Iceland goes to the polls Saturday to elect a new president, with voters hoping the country can turn over a new leaf after the “Panama Papers” scandal tainted part of the political elite.
A tranquil country better known for its breathtaking landscapes than its politics, Iceland made headlines around the world in April when angry masses protested in the streets for days to demand the resignation of their prime minister, implicated in the scandal over offshore accounts.
The prime minister ultimately stepped down and legislative elections are due in the autumn. In the meantime, the country will elect a new head of state on Saturday, in a single round of voting.
Nine candidates are in the running to succeed Olafur Ragnar Grimsson, who is stepping down at 73 after five straight terms spanning 20 years.
Two candidates have dominated the campaign: Gudni Johannesson, a 47-year-old historian, academic, and political commentator with no party affiliation or political experience, and David Oddsson, a 68-year-old former prime minister and central bank chief.
Before the start of campaigning, Icelanders only knew Johannesson as a political analyst. But he quickly emerged as the frontrunner, leading in opinion polls from the start.
The most recent survey, a Gallup poll from June 15, credited him with 50.9 percent of votes, almost 35 points ahead of Oddsson, his closest rival.
Oddsson, who served as Conservative prime minister from 1991 to 2004 and central bank governor from 2005 to 2009, will forever be associated with the excesses of the Icelandic banking boom that led to the country’s devastating 2008 financial crisis.
“They are representatives of different times. Oddsson belongs to the old conflict politics” while Johannesson “puts emphasis on presenting himself as a neutral candidate,” Gretar Eythorsson, a political science professor at the University of Akureyri, told AFP.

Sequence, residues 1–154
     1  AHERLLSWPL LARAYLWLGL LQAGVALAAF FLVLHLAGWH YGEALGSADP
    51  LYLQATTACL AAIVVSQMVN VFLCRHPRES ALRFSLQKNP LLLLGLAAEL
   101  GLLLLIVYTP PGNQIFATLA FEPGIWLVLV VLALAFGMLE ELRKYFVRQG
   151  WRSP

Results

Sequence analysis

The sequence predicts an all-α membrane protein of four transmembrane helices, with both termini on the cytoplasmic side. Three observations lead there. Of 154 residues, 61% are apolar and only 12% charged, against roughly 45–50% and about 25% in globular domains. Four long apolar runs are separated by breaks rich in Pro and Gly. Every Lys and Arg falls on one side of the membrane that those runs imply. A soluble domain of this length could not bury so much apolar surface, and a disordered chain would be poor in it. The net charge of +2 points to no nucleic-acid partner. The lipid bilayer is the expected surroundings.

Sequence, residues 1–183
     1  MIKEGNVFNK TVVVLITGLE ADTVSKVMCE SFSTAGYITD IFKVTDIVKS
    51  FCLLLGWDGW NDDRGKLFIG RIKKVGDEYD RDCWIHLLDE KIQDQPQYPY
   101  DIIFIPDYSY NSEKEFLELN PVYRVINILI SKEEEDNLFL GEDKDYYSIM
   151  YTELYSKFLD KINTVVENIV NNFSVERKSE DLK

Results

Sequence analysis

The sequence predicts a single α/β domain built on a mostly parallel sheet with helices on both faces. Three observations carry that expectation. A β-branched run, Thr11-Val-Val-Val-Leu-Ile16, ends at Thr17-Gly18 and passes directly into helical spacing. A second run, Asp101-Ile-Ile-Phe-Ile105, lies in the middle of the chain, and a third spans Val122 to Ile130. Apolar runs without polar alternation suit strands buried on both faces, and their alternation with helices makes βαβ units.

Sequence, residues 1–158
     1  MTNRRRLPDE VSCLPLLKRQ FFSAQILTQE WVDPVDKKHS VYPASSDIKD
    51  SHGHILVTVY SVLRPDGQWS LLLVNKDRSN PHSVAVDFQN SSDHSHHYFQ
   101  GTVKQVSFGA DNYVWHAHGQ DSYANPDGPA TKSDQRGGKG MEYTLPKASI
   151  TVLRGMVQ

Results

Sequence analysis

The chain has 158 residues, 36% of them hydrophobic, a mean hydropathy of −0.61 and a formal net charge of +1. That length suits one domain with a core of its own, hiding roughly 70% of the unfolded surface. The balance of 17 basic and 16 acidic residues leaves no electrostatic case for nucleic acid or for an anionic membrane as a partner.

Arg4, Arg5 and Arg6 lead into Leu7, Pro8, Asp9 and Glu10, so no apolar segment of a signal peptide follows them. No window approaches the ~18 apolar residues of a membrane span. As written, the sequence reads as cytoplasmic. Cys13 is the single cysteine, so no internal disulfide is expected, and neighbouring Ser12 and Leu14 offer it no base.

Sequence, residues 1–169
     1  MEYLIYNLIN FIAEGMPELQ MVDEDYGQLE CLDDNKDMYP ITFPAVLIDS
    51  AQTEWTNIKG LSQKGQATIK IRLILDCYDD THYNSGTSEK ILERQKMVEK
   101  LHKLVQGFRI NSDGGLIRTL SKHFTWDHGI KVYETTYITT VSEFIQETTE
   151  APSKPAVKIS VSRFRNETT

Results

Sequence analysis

Johannesson’s calm, conciliatory tone and stated desire to restore Icelanders’ faith in the political system has appealed to voters.
The analyst has also vowed to modernise political life and give voters more of a voice, by, among other things, introducing citizen-initiated referendums.
Oddsson’s campaign has meanwhile been more combative and “is all about trying to harass Johannesson and find weak spots,” says Eythorsson.
“That effort has at times gone quite far and it is obvious that Johannesson has a few times had to control himself under the fiercest attacks.”
Sigurdur Ragnarsson, a 49-year-old voter, told AFP he backed Oddsson.
“I think it is sensible to vote for a candidate with his experience.
“Iceland is still dealing with the aftermath of the crash,” he said.
But many others are loathe to see Oddsson return to power and would rather see a fresh face like Johannesson, an academic who embodies a break with the tainted establishment.
“I think he is the future, not the past like Oddsson for example, and I think he has a healthy view on the role the office holds in this country. I simply trust him to do well,” said 33-year-old Anna Sigurdardottir.
In Iceland, the president is supposed to be non-partisan and act as a guarantor of the constitution and national unity. He also represents the country in some diplomatic functions.
Despite polls crediting him with a near certain win, Johannesson is keeping a cool head.
“I am, and have been, very grateful for the great support I have enjoyed, but I know as a sport enthusiast that you can never celebrate victory until the match is over,” Johannesson told AFP.